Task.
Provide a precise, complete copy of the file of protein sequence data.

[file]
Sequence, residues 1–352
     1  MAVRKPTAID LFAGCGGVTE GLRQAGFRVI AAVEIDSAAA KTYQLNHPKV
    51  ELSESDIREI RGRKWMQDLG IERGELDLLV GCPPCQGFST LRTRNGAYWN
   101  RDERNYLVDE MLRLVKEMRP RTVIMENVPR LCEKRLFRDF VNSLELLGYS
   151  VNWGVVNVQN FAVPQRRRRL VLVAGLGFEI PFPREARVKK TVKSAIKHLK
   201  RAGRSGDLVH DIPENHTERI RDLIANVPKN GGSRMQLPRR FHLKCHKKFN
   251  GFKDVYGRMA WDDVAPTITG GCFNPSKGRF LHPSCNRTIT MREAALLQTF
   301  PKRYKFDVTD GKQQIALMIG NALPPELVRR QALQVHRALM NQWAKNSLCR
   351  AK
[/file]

Sequence, residues 1–352
     1  MAVRKPTAID LFAGCGGVTE GLRQAGFRVI AAVEIDSAAA KTYQLNHPKV
    51  ELSESDIREI RGRKWMQDLG IERGELDLLV GCPPCQGFST LRTRNGAYWN
   101  RDERNYLVDE MLRLVKEMRP RTVIMENVPR LCEKRLFRDF VNSLELLGYS
   151  VNWGVVNVQN FAVPQRRRRL VLVAGLGFEI PFPREARVKK TVKSAIKHLK
   201  RAGRSGDLVH DIPENHTERI RDLIANVPKN GGSRMQLPRR FHLKCHKKFN
   251  GFKDVYGRMA WDDVAPTITG GCFNPSKGRF LHPSCNRTIT MREAALLQTF
   301  PKRYKFDVTD GKQQIALMIG NALPPELVRR QALQVHRALM NQWAKNSLCR
   351  AK